Two Successful Suborbital Rocket Launches
SSDC News Release
Prepared 3 Mar 97
The Ballistic Missile Defense Organization (BMDO) and the U.S. Army Space and Strategic Defense Command (SSDC) announced two successful completions of suborbital rocket launches under the Theater Missile Defense (TMD) Critical Measurements Program (TCMP). The flight tests took place on February 22 and March 1 from Wake Island to the U.S. Army Kwajalein Atoll missile range in the mid-Pacific.
For the launches, a 50-foot long, 28,500 pound single stage booster was used, built by Orbital Sciences Corporation and consisting of a Castor IVB rocket motor, a flight termination/separation module, a guidance control and avionics module, and a Massachusetts Institute of Technology/Lincoln Laboratory payload . A variety of reentry experiments were deployed, including a fly-away sensor package (FASP), reentry vehicles, and decoys.
The objective of the TCMP campaign is to collect radar and optical data on a variety of possible tactical ballistic missile threats, information that would, in turn, be used in the design of TMD interceptor and sensor systems. The program will provide data immediately useful to systems such as THAAD, PATRIOT, and Navy Area Defense.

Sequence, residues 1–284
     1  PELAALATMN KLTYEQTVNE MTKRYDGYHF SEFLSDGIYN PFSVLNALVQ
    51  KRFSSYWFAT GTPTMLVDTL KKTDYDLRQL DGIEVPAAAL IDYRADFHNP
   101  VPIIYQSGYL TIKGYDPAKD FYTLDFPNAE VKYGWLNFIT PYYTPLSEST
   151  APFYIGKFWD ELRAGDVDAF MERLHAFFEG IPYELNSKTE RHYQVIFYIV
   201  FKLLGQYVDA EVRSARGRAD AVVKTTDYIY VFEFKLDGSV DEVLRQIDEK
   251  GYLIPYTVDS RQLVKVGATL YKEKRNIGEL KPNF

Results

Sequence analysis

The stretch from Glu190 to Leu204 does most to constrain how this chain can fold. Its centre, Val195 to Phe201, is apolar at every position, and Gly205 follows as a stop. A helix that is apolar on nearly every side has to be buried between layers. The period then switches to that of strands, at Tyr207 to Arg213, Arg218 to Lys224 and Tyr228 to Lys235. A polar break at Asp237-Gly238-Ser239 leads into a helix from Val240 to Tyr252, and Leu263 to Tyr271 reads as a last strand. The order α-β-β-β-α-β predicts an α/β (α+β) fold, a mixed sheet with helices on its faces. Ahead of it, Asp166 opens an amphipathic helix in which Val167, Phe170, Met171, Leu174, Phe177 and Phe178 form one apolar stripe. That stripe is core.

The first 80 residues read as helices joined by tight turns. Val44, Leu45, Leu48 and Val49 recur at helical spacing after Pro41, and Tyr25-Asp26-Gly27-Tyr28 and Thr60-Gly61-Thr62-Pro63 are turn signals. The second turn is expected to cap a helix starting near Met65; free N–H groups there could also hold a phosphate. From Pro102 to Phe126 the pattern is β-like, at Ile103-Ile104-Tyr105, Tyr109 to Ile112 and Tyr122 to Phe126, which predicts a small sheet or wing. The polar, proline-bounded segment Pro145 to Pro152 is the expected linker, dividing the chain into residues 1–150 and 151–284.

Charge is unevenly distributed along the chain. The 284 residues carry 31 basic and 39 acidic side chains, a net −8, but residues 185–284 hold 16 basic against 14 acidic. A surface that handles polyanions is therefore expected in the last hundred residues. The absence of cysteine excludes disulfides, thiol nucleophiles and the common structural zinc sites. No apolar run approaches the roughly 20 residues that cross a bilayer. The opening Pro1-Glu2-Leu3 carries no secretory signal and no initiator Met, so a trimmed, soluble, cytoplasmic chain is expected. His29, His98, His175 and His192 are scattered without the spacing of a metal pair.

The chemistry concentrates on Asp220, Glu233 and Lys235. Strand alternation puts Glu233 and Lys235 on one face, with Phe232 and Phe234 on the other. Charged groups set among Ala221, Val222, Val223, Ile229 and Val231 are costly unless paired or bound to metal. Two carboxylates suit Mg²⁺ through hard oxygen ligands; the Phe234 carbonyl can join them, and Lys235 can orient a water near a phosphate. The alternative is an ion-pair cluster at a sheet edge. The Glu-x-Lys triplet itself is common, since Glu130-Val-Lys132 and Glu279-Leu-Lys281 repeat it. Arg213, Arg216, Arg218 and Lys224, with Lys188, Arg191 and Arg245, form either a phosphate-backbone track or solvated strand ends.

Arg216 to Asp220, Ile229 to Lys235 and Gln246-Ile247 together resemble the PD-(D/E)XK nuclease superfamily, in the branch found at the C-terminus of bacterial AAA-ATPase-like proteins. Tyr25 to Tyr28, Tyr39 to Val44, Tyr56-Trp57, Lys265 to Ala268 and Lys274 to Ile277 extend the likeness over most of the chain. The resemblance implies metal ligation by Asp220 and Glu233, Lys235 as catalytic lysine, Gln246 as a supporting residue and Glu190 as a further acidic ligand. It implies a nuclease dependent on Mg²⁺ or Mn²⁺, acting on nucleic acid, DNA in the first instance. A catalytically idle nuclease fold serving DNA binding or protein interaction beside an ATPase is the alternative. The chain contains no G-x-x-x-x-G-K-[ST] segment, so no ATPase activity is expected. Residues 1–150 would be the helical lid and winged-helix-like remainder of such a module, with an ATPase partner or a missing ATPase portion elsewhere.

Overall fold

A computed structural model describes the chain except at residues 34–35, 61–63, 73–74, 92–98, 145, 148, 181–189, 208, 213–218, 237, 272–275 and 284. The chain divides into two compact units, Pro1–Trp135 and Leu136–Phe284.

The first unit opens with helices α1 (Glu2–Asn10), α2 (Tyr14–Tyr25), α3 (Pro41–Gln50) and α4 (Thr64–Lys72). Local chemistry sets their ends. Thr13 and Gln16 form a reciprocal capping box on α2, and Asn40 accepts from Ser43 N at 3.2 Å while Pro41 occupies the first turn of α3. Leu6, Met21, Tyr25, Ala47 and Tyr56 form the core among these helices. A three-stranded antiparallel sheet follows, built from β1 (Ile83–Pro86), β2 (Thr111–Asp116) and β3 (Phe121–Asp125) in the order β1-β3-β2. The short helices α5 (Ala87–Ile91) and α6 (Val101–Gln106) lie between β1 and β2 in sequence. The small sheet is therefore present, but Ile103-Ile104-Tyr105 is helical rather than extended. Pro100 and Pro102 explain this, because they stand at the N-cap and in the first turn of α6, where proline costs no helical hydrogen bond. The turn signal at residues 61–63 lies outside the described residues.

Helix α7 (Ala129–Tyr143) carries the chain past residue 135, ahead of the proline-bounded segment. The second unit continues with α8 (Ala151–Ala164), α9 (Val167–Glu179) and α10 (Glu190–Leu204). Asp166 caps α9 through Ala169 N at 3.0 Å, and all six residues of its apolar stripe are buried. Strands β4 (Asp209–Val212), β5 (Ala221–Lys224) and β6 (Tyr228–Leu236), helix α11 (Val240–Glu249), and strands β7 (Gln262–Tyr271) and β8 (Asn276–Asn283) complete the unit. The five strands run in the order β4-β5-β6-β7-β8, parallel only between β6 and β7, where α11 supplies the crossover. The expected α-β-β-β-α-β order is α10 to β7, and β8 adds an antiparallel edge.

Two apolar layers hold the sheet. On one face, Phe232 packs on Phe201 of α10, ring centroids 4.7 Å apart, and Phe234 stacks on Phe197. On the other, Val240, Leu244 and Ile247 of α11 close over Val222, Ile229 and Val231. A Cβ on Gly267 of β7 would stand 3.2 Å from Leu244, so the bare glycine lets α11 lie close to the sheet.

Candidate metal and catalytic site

During the tests, from deployment in the exoatmosphere to reentering the atmosphere, both optical and radar data were collected on the missiles and their payloads. The expended Castor IVB booster was segmented into four pieces prior to reentry. In addition to the USAKA range radars and the FASP deployed from the booster, numerous surface and airborne sensors also were present during the missions. Direct TMD elements participating in the tests included PATRIOT, THAAD, Aegis, and Expeditionary Area Defense System. Other sensors or sensor platforms collecting data included the Airborne Surveillance Testbed, Cobra Ball, and the High Altitude Observatory/Infrared Instrumentation System.
The TCMP campaign had two previous flight tests, on July 15, 1996, and January 28, 1993 - both were also highly successful. The experiment on March 1 and the payloads it carried were designed to test specific aspects of the THAAD radar. In addition to being the last of three missions in this TCMP campaign, it was also designated as one of the THAAD radar system tests.
TCMP is managed and conducted for BMDO by SSDC's Sensors Directorate. Also greatly involved is the Air Force Space and Missile Systems Center. USAKA is responsible for the difficult logistics of these complex missions.